60 years ago – February 19. 1960
Central City Nuggets:
Across the Crossroads, by A.F. Mayham: It’s rather difficult at times to keep Uncle Ed in line. The Lennon Sisters, from the famous family of seven girls and three boys (so far) were in Denver Friday evening as part of the banquet program of the Mt. States Lumber Assoc. held in the Shirley-Savoy. Ed gleaned a little information, some of which he thinks is okay. Diane, the oldest, will be 21 in August, but she expects to get married in July, but not to Lawrence Welk’s son. Her intended is doing an Army round in Texas. Conjecture about the four sisters and the program is that a younger sister of 10 is being groomed to step in and fill out. Janet, 14, is now the junior member of the quartet, going up the ladder is Kathy, 16, and Jeggy, 18. Ed likes Peg pretty well and her alto voice. Anyway, the girls witnessed a crowd of about 1,500 lumberjacks at the banquet at $12 a plate.
Mr. and Mrs. John O’Hara of Kansas, have leased the rooms on the ground floor of the Masonic Temple, and will open about the first of May with a restaurant and breakfast shop. Mr. O’Hara will be remembered as being the proprietor of Paul’s Sandwich Shop on Main Street, which he sold last year, and he promises the same delectable meals and sandwiches as served for the past ten years.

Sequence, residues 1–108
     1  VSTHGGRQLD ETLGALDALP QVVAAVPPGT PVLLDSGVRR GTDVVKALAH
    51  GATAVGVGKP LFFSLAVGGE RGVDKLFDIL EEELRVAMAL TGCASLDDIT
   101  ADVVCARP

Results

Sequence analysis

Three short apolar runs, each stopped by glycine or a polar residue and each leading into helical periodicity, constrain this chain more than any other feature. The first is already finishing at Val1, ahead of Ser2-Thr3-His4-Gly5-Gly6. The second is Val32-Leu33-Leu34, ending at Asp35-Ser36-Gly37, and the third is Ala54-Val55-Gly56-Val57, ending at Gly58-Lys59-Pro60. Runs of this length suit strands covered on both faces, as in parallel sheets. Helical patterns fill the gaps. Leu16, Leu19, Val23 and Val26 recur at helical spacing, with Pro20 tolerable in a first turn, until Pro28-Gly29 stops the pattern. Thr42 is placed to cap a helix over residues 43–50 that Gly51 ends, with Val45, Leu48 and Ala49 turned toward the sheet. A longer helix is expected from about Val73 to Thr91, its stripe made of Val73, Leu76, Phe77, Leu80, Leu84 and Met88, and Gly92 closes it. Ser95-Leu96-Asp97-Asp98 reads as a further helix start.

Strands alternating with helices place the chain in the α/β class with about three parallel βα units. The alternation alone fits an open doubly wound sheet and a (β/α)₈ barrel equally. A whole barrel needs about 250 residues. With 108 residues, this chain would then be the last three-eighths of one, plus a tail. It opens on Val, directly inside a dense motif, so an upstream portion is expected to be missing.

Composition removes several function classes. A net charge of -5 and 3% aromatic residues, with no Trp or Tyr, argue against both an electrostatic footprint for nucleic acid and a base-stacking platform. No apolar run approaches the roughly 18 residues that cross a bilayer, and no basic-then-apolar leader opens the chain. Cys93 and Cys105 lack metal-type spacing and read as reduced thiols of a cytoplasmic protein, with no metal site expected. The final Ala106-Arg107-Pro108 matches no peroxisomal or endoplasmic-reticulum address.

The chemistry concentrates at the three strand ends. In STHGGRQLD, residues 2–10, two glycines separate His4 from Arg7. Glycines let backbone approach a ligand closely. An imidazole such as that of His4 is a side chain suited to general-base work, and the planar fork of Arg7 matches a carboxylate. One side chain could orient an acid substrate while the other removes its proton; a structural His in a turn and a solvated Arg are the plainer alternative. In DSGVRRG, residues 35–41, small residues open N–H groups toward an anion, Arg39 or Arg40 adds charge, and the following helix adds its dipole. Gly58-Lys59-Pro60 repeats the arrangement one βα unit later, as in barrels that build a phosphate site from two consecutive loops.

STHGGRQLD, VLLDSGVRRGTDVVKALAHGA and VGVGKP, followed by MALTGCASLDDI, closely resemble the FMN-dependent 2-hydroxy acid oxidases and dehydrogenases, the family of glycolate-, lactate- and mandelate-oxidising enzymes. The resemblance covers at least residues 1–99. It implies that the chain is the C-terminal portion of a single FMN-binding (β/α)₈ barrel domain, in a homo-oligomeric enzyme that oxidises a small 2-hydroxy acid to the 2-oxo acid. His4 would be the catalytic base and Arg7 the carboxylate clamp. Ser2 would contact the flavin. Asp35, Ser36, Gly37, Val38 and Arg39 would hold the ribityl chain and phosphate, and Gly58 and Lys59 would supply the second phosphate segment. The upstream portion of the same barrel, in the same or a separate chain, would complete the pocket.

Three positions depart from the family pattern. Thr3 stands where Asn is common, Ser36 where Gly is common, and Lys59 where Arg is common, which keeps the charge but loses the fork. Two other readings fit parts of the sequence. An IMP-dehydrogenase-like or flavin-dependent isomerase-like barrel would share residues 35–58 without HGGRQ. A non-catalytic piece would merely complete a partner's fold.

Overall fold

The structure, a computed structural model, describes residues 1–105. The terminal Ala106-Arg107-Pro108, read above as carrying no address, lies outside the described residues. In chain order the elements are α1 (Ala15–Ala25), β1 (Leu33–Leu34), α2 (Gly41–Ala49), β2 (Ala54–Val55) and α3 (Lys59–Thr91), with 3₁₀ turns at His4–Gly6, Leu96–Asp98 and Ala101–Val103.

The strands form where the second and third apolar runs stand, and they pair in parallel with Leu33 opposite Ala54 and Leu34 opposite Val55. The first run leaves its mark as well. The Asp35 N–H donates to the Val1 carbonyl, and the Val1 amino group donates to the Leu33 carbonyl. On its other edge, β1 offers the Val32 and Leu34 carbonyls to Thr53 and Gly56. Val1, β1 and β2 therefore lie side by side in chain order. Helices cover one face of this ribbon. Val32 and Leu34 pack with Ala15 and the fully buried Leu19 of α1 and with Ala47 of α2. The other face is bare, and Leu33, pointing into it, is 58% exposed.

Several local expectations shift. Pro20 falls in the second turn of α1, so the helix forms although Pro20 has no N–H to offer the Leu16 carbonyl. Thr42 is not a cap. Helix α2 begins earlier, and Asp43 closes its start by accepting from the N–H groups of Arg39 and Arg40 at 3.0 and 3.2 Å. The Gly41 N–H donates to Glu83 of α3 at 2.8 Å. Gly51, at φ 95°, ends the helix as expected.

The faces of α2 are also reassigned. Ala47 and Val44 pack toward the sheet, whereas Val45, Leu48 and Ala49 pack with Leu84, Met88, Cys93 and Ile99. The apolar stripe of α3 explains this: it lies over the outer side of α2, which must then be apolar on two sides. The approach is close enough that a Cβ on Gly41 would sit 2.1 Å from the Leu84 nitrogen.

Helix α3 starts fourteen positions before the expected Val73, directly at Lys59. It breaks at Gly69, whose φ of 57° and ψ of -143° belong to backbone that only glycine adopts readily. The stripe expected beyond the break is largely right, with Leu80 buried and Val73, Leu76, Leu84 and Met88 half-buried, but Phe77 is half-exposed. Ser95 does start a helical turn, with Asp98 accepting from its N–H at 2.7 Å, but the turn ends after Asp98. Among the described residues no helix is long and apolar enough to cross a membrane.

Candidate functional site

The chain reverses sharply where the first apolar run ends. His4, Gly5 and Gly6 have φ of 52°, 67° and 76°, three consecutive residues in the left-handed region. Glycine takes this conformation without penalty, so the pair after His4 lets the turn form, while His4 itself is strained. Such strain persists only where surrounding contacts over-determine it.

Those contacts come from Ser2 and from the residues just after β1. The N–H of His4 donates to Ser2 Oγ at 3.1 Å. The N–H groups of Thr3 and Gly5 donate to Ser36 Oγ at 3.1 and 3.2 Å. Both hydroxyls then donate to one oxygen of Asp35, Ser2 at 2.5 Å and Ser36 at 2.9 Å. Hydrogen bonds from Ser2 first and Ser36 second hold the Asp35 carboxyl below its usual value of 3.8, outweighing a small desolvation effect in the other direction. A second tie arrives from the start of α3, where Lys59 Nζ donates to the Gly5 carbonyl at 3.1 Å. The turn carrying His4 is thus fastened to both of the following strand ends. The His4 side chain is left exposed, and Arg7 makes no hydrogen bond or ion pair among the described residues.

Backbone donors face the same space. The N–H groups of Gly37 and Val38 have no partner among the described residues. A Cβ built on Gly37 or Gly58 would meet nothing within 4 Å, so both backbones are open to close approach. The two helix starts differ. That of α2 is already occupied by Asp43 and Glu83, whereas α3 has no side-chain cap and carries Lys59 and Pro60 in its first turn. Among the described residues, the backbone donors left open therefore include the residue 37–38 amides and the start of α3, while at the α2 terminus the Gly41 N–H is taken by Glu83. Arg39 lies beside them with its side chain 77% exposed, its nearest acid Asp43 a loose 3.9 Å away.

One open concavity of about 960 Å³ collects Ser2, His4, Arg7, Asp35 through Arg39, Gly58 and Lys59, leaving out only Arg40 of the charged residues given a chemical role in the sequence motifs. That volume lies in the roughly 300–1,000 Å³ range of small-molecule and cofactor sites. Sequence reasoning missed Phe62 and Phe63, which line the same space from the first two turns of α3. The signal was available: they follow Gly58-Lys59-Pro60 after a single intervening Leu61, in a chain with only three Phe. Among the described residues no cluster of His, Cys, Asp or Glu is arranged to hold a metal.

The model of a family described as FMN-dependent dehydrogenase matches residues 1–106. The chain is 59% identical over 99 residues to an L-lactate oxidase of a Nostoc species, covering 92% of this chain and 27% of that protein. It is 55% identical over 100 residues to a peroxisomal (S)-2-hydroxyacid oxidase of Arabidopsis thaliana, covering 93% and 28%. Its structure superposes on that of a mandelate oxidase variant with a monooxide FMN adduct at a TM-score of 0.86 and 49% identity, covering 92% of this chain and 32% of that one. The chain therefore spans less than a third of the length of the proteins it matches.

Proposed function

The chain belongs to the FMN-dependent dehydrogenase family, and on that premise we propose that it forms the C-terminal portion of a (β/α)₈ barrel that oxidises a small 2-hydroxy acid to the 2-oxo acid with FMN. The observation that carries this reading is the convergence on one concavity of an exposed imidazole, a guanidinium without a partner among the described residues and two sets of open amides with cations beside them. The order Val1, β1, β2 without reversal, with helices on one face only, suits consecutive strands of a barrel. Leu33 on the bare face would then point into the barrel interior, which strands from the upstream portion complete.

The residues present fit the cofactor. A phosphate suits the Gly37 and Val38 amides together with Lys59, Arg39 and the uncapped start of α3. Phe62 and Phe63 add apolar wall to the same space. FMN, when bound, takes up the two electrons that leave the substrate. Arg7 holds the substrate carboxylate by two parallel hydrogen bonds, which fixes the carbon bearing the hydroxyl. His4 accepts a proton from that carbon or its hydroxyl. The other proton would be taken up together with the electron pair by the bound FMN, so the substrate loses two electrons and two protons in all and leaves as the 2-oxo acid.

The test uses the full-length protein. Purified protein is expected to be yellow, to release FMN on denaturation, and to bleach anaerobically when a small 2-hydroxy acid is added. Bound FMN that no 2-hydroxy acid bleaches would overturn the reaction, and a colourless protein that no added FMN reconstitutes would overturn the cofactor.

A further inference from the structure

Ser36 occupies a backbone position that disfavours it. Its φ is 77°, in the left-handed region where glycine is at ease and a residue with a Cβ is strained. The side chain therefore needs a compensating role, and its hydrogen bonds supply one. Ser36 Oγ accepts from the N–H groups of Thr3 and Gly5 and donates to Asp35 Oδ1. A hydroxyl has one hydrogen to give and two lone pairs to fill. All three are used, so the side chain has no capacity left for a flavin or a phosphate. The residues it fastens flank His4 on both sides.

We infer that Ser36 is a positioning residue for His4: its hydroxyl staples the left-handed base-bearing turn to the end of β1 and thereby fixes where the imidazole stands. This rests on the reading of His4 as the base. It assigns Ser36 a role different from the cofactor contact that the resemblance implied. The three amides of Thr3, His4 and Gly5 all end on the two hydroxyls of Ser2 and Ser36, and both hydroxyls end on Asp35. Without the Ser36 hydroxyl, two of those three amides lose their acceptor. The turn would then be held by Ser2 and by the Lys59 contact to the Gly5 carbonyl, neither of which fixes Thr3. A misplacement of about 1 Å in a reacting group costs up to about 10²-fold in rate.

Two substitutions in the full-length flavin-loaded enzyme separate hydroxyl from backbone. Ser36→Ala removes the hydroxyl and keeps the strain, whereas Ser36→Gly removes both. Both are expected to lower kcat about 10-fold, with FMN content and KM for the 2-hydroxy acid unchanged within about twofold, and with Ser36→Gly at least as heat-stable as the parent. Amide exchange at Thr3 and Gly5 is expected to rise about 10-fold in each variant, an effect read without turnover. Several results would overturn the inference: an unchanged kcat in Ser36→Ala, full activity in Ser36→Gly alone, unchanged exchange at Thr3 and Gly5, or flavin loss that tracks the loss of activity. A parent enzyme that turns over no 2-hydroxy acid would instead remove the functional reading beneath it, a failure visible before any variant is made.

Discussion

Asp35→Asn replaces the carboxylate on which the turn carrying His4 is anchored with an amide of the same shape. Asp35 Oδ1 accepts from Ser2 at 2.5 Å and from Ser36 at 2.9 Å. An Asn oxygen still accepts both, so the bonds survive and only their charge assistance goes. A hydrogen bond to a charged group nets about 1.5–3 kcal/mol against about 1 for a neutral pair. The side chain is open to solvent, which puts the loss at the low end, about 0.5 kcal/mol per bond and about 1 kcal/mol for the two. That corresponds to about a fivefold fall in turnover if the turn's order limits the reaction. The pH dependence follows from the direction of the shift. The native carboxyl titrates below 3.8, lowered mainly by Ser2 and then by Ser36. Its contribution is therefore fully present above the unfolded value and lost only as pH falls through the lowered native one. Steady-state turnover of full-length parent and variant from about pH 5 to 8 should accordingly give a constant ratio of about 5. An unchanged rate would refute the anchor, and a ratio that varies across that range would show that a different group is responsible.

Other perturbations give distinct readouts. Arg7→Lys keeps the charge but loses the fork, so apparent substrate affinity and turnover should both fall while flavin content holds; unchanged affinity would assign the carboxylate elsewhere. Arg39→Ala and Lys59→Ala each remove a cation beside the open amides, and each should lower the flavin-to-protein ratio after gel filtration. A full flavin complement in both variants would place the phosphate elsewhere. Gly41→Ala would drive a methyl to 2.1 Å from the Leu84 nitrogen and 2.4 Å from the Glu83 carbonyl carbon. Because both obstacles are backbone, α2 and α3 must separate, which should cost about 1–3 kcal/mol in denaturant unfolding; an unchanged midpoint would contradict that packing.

Black Hawk Gold Dust:
Mr. Milo Fisher was home for the weekend and found his whole family ill with the flu, so did not return to his job in Wyoming until Tuesday morning.
Repairs are being made on the roof of the gym, reinforcing where the spire once was when the building was the Presbyterian Church.
Mrs. Ruth Blake put in “overtime” at the Corner Grocery Sunday, painting showcases and counters. The store interior is shiny clean and attractive and well-stocked with good things to eat.
Mr. and Mrs. Marlin Belcher were up from Golden Saturday, doing some work at their house in Chase Gulch.
Died: Sympathy is extended Mrs. Lydia Kemmerling in the death of her husband Tom. He had been in poor health for a long time.
90 years ago – February 11, 1930
Mr. Frank McGrath left for Idaho Springs Wednesday morning, on a short visit with relatives.
Mr. W.S. Parfet, superintendent of the mining section of the Chain O’ Mines Company in this city, left for Chicago on Wednesday morning, on matters of business connected with the company.
Mr. C. H. Hanington, an old-time Central City lad, made this office a social call on Saturday afternoon last. He was among the number who visited the property of the Chain O’ Mines Company in this city, and was most agreeably surprised at the immense holdings and operations of this company that has been established here in the short time of only two years.